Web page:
She was just not comfortable latching. I then obsessed with the ‘right latch’. but had terrible bleeding nipples. On top of that, I didn’t want to use a shield because I felt it could interfere with breastfeeding developing. Next she started to have similar symptoms to James relating to cows milk protein allergy.. At that point I decided to exclusively pump and take dairy out of my diet. 

High lipase breastmilk…

The problems didn’t end there. In fact it was my son James who first noticed that my milk had started to taste and smell soapy (I was giving him my milk in a smoothie). I realised that when I was expressing milk and putting it into the fridge there was this very strong smell of soap. Turns out, this is a sign of high lipase breastmilk. 

At this point I realised my mental health was in trouble: 

I was worrying about giving her pain given her allergy to cows milk protein. I was worried about the latch. Then there was the worry about her not getting enough milk/not growing enough. On top of this I realised I probably couldn’t express and store milk. I felt awful. 

Despite all of this I still wanted to carry on!

As much as I had said it was ok to stop breastfeeding given the issues I was facing, I still couldn’t make myself do it. Ultimately it was may husband and the close people around me who told me it was ok to stop.

They made me realise I had to take care of myself too: 

It was at this point that I realised that my determination to breastfeed no matter the challenges was no longer healthy for us. So I stopped and guess what? As with James, Elle is thriving, happy, healthy and sleeps through the night. 

I am so pleased I allowed myself to stop myself from doing something that wasn’t working for me and my family. 

Hormones are very powerful: 

I felt almost addicted to breast feeding. In fact, I was obsessed. Obsessed with giving my kids what science deems ‘the best’.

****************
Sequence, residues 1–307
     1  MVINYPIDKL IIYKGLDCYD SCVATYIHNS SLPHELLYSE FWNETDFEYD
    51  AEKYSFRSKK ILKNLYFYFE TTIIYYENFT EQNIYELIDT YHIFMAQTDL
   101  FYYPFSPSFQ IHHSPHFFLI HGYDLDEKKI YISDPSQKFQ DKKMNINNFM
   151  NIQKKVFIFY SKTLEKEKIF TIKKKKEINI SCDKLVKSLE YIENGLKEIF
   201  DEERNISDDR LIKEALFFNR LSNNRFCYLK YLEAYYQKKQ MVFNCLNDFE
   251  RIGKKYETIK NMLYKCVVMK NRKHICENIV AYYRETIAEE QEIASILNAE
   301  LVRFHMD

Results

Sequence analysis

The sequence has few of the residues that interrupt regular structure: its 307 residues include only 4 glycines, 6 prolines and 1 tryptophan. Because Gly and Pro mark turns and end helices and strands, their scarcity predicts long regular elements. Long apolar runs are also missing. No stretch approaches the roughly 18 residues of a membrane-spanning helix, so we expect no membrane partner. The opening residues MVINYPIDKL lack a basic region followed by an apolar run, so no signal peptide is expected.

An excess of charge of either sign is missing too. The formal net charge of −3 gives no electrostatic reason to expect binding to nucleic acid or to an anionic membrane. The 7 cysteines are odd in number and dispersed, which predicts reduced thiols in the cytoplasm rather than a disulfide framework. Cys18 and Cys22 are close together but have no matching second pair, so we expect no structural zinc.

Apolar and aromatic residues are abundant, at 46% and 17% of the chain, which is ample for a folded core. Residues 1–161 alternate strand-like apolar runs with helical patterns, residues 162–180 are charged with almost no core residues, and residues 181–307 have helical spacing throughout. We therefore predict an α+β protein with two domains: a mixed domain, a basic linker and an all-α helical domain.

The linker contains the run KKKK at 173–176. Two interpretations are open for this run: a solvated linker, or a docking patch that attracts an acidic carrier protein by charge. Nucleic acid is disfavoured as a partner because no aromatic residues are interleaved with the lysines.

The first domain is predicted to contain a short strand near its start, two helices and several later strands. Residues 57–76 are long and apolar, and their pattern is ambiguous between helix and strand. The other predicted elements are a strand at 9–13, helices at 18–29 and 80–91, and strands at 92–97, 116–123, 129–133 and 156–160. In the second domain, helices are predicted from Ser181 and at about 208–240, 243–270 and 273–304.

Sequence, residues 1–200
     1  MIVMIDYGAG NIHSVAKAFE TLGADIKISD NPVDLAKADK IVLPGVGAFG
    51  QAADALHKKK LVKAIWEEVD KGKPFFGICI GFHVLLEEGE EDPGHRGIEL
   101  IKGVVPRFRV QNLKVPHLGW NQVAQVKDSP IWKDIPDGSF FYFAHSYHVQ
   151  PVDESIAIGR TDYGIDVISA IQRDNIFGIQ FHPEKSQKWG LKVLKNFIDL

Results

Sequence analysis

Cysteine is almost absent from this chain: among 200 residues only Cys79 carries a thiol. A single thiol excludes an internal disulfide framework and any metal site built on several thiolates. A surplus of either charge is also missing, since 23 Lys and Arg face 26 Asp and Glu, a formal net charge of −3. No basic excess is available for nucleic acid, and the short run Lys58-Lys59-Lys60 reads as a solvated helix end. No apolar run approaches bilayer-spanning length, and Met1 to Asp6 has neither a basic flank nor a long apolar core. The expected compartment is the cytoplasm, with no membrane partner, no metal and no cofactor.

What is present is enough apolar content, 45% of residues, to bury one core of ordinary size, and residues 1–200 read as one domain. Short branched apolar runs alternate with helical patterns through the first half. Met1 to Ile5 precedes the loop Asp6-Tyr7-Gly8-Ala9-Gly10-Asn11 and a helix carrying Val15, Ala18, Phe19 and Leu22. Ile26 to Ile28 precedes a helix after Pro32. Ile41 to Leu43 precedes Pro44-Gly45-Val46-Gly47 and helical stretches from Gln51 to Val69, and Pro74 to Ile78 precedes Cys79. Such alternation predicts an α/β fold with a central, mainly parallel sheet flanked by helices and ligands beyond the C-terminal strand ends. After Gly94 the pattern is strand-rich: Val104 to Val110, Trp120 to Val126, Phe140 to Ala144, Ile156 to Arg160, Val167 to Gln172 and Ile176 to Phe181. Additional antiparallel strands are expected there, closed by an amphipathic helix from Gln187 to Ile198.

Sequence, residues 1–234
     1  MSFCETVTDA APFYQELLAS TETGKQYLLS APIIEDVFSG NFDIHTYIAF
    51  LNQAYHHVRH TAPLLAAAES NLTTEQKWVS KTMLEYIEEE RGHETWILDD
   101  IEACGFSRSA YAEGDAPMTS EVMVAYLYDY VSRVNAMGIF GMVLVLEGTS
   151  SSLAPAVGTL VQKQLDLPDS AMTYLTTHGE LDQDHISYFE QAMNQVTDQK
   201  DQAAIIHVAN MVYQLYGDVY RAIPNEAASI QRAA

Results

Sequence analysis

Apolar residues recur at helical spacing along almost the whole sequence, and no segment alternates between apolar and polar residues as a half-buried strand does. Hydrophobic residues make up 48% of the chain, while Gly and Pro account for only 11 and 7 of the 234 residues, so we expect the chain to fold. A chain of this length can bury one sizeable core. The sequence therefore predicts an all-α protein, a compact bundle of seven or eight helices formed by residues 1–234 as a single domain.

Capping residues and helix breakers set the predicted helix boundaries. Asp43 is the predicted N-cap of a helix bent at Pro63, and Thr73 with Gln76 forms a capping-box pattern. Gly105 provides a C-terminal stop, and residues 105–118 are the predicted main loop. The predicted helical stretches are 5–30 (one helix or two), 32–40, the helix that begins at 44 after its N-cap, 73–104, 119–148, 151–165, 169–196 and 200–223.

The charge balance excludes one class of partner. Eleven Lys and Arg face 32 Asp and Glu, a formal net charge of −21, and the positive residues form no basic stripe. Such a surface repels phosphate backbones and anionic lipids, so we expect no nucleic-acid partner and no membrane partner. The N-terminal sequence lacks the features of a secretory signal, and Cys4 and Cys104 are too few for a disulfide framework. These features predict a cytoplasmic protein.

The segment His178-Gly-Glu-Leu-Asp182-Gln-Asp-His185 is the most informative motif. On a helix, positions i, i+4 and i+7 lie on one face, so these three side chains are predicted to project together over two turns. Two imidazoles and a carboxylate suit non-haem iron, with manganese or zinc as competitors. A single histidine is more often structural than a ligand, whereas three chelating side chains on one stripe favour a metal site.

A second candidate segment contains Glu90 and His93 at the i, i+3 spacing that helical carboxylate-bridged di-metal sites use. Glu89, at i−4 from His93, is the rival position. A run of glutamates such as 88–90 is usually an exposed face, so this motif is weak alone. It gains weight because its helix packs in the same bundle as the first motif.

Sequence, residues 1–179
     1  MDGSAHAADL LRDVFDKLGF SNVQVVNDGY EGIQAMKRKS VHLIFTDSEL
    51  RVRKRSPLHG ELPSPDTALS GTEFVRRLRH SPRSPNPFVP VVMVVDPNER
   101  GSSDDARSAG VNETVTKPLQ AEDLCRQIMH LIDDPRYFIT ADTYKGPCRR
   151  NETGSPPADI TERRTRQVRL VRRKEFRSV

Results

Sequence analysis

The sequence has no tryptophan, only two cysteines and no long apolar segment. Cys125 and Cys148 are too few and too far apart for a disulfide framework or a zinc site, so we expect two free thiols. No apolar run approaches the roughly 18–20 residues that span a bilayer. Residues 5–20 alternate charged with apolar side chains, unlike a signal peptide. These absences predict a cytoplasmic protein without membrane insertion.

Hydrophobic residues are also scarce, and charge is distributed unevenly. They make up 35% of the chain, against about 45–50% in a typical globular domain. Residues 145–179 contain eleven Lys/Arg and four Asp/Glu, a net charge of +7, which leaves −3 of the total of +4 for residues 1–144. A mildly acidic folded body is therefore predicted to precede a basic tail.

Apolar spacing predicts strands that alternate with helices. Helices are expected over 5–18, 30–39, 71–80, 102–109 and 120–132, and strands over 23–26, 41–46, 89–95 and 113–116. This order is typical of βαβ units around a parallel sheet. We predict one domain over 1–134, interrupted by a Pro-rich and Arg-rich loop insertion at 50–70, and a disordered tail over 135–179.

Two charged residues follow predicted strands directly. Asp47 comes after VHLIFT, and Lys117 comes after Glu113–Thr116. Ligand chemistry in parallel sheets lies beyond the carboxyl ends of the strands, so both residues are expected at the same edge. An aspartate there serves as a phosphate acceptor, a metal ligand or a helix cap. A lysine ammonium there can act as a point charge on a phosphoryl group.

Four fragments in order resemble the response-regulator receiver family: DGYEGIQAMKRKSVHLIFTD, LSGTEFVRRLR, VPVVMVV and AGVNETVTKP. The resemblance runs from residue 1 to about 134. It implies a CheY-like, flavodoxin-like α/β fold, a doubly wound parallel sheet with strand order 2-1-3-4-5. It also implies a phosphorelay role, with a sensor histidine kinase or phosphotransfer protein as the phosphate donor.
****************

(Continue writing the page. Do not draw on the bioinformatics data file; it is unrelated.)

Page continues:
There are very few areas that are as ‘charged’ as breastfeeding: 

It’s funny because when it comes to ‘science’ in most areas people are happy to take a look at the evidence and make decisions about what is best for them and suits their individual picture. However, when it comes to breastfeeding it seems to be ‘unacceptable’ according to science. There is no acceptable substitute. The science around it can feel very hard to go against, even if you’re compromising your mental health. 

It feels hard to admit you’re struggling to breastfeed, it’s hard to say ‘its ok not to do it’: 

Particularly when it’s your first baby. All parents have a fear, anxiety and uncertainty about whether or not your child will be healthy. This makes it harder. Thankfully for me, the second time around was slightly easier because I have a very healthy child who I know had formula. I could at least lean on that. In fact, I knew he had formula and had thrived. 

Mental health vs physical health: 

It is a balance. To be honest even though I am absolutely at peace with my decision I still find myself triggered by conversations around it. It is a reminder for me that I couldn’t do something that I am ‘supposed’ to do for my child. However, rationally when I look at the whole picture I can see that this is absolutely the right way for me and my family.